Another group, the Yoacomaco, appear to have been small but independent of any other groups. They were located in the south-eastern corner of Maryland, in St Mary's and Calvert counties on either side of the Patuxant River as it exits into Chesapeake Bay. Their main concentration was along the St Mary's River, which feeds into the Patuxent from the county of the same name. The tribe maintained its sovereignty while conducting trade with the Piscataway, the Powhatan confederacy, and European settlers. Whether through disease, tribal conflict, or colonial expansion, there is no further record of the Yoacomaco tribe after the late 1600s. However, a recreation of one of their tribal villages can be found today in St Mary's City.

(Information by Mick Baker, from primary sources by John Smith (1607), William Strachey (1616), The Virginia Census of 1669, and Robert Beverly (1705) with additional information from James Mooney (1907), from Helen C Rountree (information which forms the basis of the tribal locations map), from Everyday Life of the North American Indian, Jon Manchip White (1979), from The Encyclopaedia of North American Indian Tribes, Bill Yenne (1986), from The Native Tribes of North America - A Concise Encyclopaedia, Michael Johnson (1993), from the Atlas of Indians of North America, Gilbert Legay (1995), from The Powhatan Chiefdom: 1606, Old Dominion University Model United Nations Society, and from External Links: First Nations: Issues of Consequence, Lee Sultzman, and Legends of America, and Historic Jamestowne, and Colonial - A Study of Virginia Indians and Jamestown: The First Century, and Do we know of any specific individuals from pre-Columbian United States?, and 1699 Encounter With Piscataway Indians Was a First (Washington Post), and Maryland Manual Online.)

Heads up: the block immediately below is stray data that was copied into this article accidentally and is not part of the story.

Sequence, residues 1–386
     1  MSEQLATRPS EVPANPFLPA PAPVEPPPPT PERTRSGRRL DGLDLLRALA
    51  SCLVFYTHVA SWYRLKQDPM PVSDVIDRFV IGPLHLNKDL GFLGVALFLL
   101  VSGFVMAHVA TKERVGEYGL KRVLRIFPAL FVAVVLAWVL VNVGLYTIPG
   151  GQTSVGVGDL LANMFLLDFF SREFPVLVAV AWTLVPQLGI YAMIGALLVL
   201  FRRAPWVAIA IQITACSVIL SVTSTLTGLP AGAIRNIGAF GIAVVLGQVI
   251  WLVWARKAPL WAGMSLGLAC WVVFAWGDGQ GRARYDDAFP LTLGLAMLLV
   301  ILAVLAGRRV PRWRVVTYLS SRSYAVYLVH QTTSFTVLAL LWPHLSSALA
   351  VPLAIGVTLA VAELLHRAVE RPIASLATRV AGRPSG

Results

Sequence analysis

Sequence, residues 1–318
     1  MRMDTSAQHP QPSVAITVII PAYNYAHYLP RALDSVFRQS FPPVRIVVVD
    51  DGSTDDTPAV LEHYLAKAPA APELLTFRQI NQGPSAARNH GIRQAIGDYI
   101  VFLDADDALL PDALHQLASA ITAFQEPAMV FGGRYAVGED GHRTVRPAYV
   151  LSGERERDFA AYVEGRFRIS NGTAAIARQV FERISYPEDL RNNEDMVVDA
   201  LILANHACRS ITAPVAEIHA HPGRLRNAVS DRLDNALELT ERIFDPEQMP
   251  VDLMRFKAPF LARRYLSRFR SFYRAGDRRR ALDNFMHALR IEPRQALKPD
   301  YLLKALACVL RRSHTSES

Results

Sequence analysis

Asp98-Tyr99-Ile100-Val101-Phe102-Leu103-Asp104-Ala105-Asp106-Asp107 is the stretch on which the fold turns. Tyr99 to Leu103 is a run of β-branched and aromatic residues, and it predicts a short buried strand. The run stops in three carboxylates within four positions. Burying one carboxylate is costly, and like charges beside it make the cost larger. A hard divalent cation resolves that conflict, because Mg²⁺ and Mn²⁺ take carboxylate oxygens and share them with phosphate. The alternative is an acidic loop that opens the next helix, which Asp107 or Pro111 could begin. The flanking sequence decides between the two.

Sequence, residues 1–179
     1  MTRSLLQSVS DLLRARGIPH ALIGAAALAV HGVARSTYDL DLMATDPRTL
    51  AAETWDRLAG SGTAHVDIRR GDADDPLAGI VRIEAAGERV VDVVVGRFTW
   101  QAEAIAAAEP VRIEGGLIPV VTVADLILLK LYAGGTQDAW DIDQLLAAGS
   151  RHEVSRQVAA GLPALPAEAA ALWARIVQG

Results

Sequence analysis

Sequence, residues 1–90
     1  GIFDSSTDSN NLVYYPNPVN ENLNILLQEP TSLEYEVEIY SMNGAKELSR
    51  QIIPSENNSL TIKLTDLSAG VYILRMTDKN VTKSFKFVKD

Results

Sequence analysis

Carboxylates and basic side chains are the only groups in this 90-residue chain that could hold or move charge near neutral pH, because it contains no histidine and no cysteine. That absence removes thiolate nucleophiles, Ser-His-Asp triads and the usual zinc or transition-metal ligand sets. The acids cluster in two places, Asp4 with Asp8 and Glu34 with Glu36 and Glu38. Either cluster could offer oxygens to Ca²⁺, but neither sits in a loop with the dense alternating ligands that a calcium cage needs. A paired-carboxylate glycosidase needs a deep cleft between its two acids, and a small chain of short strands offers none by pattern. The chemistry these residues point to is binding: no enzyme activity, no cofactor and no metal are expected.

c.1260

FeatureAccording to the testimony of the Piscataway tribe as given in 1660, around the middle of the thirteenth century there comes a king from the eastern shore who rules over all of the natives who now inhabit the Algonquian-speaking lands of eastern Virginia, and also over the Patawomeck and Susquehannock (see accompanying feature for more detail).

c.1450

By this stage the recognisable beginnings can be seen of the tribal system in the Americas, marking the transition from Early Cultures. One of the most notable highlights of this shift towards the familiar tribes of the Native Americans is the creation in this period of a constitution by the Iroquois confederacy.

c.1530s - 1550

FeatureThe first chief of a new Algonquian-speaking confederacy along the eastern seaboard is driven north to the Virginia area by Spanish colonists in Florida and surrounding regions. Once there, he takes over control of at least five other Indian tribes in Virginia to create the Powhatan confederacy of eastern Algonquian-speaking tribes.

Map of the Powhatan confederacy AD 1600
The Powhatan confederacy (the pale orange area) was formed of a large number of Algonquian-speaking tribes, but others (yellow) remained independent (click on map to view full sized)

 

One potential issue with the creation of the Powhatan confederacy is the speed with which it is formed. Could this take place largely by the first two Powhatans taking over the domination of many Algonquian-speaking tribes from the Piscataway emperor simply by showing greater strength and power? By the time the European colonists have arrived to document native politics, the 'emperor' has influence only over a few tribes on the northern edge of the Powhatan confederacy.

1585 - 1586

FeatureSir Walter Raleigh's cousin, Sir Richard Grenville, attempts to found an English colony on Roanoke Island when he lands more than a hundred men there in 1585. Algonquian-speaking tribes in the area keep an eye on the proceedings, including the Secotan, Dasamonquepeuc, Roanoke, and Pasquenoke. Grenville departs, promising to return the following Easter. By June 1586 the colonists have become impatient waiting for Grenville's return, and take ship with Sir Francis Drake who, by chance, has called in at Roanoke. Grenville arrives two weeks later with a further fifteen colonists. Leaving these fifteen on Roanoke, as a sort of 'advance party', Grenville again departs for England for reinforcements.